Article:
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Evaluation of fungicides for the management of Botryosphaeria dieback diseases of grapevines

Amponsah, Nicholas T, Jones, Eirian, Ridgway, Hayley J, Jaspers, Marlene V
Pest management science 2012 v.68 no.5 pp. 676-683
Botryosphaeria stevensii, antifungal agents, canes, carbendazim, conidia, dieback, disease control, flusilazole, fungal diseases of plants, in vitro studies, mancozeb, microbial growth, plant pathogenic fungi, pruning, shoots, species differences, spore germination, tebuconazole, thiophanate-methyl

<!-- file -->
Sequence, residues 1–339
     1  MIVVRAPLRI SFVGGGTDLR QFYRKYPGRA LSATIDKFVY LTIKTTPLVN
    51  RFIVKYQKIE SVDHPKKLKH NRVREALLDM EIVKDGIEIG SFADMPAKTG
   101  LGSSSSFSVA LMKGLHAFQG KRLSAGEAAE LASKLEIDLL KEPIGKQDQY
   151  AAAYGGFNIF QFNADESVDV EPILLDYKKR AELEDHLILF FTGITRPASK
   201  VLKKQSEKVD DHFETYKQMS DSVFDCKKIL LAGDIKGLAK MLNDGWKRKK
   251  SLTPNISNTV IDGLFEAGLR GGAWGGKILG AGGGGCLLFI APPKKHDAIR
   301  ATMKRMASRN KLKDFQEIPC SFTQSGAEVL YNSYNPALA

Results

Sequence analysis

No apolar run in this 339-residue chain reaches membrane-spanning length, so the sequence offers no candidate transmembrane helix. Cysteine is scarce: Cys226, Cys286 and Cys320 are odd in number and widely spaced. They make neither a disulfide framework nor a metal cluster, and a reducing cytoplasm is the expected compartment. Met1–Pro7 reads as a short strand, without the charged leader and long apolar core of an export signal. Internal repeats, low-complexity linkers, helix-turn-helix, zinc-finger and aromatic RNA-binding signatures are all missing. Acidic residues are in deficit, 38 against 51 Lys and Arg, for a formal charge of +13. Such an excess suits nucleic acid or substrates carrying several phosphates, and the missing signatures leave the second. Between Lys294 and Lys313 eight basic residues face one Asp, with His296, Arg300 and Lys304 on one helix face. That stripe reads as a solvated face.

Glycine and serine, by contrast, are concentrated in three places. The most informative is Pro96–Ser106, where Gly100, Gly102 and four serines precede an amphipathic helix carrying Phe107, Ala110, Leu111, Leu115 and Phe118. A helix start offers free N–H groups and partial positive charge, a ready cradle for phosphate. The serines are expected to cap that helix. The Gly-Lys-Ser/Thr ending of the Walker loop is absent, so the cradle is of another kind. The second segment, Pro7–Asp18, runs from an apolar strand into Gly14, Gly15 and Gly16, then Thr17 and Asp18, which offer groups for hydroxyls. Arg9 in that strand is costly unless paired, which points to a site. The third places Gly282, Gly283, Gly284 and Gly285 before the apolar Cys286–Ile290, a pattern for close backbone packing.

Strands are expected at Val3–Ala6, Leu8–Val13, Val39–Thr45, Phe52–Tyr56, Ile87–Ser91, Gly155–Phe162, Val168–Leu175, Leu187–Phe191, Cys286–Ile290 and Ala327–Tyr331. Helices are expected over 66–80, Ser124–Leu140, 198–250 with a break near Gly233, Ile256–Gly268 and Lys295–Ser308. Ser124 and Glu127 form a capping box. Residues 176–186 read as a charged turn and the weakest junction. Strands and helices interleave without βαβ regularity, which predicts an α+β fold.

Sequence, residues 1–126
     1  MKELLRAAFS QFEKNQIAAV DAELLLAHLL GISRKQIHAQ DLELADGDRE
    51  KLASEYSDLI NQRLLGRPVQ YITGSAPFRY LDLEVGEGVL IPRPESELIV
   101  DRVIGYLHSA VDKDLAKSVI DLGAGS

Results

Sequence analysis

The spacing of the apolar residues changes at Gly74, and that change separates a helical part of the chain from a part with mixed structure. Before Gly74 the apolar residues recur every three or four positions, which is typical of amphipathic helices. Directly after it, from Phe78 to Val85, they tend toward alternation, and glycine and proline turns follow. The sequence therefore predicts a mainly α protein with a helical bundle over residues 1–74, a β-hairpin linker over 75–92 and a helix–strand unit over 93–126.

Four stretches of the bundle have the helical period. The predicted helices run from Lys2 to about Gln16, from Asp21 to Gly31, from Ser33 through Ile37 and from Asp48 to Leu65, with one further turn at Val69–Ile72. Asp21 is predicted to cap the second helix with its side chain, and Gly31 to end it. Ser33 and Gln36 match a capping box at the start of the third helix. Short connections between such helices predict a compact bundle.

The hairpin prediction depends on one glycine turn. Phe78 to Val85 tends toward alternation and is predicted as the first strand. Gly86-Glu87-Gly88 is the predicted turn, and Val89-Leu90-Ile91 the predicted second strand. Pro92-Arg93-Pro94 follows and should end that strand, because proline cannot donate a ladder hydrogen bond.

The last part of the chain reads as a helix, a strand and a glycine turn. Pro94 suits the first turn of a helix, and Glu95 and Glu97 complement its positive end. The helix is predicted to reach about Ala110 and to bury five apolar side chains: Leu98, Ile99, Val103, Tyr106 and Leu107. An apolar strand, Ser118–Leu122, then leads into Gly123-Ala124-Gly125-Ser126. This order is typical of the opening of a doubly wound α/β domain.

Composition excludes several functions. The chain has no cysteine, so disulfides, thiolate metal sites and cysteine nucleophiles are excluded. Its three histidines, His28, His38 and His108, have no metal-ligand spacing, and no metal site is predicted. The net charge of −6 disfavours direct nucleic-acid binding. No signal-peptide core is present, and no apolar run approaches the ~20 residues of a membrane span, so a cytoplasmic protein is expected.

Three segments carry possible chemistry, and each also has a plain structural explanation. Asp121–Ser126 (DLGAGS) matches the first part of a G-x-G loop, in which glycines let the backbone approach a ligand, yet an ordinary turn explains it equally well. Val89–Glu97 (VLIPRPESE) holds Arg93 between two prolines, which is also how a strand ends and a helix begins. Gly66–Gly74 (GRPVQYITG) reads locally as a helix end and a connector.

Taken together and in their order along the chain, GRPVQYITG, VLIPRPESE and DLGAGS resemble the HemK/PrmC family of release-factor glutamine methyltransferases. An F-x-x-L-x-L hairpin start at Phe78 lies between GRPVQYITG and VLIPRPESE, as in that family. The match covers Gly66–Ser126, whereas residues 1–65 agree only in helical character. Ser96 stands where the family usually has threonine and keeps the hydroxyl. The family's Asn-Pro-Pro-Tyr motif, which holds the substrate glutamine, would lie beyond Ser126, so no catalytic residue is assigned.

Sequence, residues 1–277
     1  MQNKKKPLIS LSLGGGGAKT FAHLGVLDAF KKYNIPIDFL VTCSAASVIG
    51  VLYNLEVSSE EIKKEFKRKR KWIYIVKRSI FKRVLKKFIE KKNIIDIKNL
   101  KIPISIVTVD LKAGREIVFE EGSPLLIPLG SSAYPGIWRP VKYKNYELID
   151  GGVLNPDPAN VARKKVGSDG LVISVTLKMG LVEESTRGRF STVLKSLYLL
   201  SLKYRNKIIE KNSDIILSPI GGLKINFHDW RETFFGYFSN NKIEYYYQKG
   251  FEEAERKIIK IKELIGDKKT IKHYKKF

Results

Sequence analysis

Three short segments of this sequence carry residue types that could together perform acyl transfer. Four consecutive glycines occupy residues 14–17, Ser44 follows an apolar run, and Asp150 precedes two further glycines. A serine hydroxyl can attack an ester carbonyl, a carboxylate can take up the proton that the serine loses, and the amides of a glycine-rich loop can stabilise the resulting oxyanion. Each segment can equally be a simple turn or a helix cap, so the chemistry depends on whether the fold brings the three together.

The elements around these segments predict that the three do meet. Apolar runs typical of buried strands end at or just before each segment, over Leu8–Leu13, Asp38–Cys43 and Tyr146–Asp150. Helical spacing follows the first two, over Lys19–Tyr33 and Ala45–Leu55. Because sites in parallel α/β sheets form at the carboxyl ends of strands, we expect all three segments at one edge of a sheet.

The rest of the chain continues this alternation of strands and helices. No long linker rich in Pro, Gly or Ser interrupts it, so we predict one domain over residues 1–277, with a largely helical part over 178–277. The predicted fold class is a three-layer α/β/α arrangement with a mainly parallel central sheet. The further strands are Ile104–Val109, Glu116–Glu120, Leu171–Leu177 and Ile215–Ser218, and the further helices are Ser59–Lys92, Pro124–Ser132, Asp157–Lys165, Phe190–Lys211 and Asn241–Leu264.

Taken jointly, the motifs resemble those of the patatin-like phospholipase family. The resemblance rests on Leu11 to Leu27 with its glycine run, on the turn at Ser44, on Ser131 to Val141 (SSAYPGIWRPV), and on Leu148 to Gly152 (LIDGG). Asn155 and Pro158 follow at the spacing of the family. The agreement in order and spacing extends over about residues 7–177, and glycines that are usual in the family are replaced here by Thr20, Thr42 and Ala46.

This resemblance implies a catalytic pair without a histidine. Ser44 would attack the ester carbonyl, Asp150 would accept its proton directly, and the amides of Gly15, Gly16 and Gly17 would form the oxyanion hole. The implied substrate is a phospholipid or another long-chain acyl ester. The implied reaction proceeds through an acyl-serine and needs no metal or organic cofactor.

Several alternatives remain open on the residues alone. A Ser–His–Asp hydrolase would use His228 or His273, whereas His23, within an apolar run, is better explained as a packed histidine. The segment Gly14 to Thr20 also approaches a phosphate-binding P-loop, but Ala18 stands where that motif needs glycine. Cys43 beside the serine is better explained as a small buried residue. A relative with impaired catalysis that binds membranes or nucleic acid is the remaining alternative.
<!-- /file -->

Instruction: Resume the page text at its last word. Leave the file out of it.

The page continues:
BACKGROUND: A range of botryosphaeriaceous species can cause dieback and cankers in grapevines; however, different species most commonly affect the grapevines in different grape‐growing regions and countries. They infect through wounds and sporulate on woody stems and green shoots throughout the year, so wound protection is the recommended control strategy. This research evaluated fungicides for their ability to reduce mycelial growth and conidial germination of three botryosphaeriaceous species and to protect pruning wounds against infection. RESULTS: In vitro experiments showed that nine out of 16 tested fungicides were effective at reducing mycelial growth and/or conidial germination of three isolates each of Neofusicoccum australe, N. luteum and Diplodia mutila. The species differed in their response to the fungicides, although N. luteum was usually the least sensitive. When nine selected fungicides were sprayed on cane pruning wounds on potted and field grapevines and subsequently inoculated with N. luteum conidia, some effectively protected them from infection. The most effective fungicides were flusilazole, carbendazim, tebuconazole, thiophanate‐methyl and mancozeb, as they prevented the inoculated pathogen from infecting healthy wood in 100, 93, 87, 83 and 80% of field vines, respectively. CONCLUSION: This research has demonstrated that fungicides applied after winter pruning can protect vines from infection by conidia of three botryosphaeriaceous species.